Doctors can get a clearer picture of a cancer patient's genes and tailor better treatment if they put cancer cells under the microscope.
The problem, though, is that it is hard to extract these cells, which are often found in tumours deep in the body.
But a research centre launched on Thursday at the National Cancer Centre Singapore promises to make it easier for doctors to tap such cells and devise more effective cures.
Called the Circulating Tumour Cell Centre of Research Excellence, it is a joint project by the cancer centre and local company Clearbridge
BioMedics, which has developed a method to obtain cancer cells more easily.
"This is the age of personalised medicine, and it's important to be able to tailor the treatment that we give to patients based on the profile of the tumours that they have," said Professor Soo Khee Chee, director of the cancer centre.
With the new method, which will be used at the research centre, cancer cells can be harvested from a regular blood sample without the need for complicated procedures to get cells from tumours.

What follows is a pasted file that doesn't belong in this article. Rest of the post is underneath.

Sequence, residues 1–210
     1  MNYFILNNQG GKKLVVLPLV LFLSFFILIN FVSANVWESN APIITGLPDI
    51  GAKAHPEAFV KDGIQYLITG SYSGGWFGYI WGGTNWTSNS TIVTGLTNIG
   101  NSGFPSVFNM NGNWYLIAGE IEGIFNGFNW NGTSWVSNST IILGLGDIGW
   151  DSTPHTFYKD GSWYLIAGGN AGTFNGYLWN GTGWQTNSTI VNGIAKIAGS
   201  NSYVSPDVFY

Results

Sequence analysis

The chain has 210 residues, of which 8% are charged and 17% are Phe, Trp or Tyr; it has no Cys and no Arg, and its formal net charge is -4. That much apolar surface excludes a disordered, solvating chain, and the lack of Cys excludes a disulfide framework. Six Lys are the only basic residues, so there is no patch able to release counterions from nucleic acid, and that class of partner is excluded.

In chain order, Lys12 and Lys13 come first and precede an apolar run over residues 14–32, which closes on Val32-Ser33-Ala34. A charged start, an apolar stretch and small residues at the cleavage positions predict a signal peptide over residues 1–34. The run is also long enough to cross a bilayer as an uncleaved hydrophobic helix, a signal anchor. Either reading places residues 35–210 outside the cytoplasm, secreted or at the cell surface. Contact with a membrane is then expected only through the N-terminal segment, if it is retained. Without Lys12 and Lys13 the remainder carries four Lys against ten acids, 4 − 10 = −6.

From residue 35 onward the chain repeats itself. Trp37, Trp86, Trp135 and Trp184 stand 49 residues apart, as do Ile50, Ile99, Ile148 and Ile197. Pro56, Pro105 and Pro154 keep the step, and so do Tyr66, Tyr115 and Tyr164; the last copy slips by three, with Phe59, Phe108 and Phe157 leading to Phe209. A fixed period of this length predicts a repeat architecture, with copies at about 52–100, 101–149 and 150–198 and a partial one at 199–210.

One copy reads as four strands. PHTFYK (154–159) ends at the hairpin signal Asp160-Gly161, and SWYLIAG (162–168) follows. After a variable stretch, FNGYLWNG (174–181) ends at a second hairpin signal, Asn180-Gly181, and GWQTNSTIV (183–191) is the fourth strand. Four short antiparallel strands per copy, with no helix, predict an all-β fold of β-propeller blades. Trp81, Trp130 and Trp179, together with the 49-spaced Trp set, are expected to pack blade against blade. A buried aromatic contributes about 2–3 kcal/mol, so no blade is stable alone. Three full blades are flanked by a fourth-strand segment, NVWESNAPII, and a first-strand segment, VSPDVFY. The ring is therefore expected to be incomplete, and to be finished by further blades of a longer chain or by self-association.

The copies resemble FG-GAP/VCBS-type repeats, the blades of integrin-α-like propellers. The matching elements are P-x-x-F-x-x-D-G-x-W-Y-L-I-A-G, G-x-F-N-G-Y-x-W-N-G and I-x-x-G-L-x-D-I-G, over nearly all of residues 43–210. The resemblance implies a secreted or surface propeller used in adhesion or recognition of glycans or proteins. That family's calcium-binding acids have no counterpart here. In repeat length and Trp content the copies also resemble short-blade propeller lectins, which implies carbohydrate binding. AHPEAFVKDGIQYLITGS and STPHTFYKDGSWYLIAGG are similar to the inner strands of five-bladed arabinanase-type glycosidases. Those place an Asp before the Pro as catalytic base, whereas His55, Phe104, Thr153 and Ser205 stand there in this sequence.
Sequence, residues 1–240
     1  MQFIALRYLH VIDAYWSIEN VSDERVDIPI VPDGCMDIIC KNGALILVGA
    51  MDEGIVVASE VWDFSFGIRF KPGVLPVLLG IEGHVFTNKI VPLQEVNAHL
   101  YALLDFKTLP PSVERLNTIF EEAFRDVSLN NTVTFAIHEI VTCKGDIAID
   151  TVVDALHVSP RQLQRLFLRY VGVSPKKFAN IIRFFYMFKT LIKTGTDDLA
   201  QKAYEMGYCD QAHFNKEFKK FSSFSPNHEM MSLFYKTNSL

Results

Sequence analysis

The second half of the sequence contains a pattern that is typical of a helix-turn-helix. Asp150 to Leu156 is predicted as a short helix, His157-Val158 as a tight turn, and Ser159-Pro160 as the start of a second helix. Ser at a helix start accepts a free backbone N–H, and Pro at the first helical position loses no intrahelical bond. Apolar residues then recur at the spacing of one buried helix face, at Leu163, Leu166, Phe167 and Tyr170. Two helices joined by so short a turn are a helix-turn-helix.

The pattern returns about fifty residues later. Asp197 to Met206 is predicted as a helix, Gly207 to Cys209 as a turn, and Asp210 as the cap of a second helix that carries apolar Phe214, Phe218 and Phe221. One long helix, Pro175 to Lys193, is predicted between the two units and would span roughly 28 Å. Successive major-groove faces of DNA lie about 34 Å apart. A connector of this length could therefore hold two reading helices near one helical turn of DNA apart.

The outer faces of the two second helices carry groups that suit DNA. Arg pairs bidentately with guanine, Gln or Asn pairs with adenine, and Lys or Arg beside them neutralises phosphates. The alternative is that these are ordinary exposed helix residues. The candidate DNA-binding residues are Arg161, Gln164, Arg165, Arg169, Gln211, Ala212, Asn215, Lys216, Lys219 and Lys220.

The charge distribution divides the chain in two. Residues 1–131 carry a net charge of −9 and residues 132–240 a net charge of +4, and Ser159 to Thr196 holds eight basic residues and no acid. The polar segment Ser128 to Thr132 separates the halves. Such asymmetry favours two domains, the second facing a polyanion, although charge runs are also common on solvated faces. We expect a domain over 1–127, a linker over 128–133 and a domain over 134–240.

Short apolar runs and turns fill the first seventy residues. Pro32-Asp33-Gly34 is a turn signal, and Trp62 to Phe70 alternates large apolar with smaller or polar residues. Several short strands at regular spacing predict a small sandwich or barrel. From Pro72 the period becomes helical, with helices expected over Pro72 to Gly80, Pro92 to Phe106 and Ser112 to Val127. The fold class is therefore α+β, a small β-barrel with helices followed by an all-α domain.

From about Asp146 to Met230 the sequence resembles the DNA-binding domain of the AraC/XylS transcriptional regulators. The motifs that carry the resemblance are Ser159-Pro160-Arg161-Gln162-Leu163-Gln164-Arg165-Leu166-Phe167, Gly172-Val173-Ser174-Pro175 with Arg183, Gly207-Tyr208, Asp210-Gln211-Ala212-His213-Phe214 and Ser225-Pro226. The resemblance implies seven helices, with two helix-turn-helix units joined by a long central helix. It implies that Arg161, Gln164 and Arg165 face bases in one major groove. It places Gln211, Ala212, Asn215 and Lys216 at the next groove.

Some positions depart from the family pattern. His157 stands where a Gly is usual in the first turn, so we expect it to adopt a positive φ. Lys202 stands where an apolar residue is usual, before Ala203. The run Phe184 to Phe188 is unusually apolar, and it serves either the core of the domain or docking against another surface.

The blood sample contains cancer cells that have detached themselves from the main tumour to circulate in the bloodstream, known by doctors as "circulating tumour cells".
Only a few such cells are present out of billions of blood cells in each millilitre of blood.
The sample is fed into a machine, which picks out these precious cells.
Once extracted, the cells can then be studied to quickly assess how the patient is responding to treatment.
This can be done, for example, by comparing cells taken before, during and after treatment, said Prof Soo.
Cancer is the deadliest illness in Singapore, accounting for about 30 per cent of deaths in 2011.
The centre holds out the promise of improved treatments, said Prof Soo.
"If it works out, it will be a big step forward in terms of management of our cancer patients."
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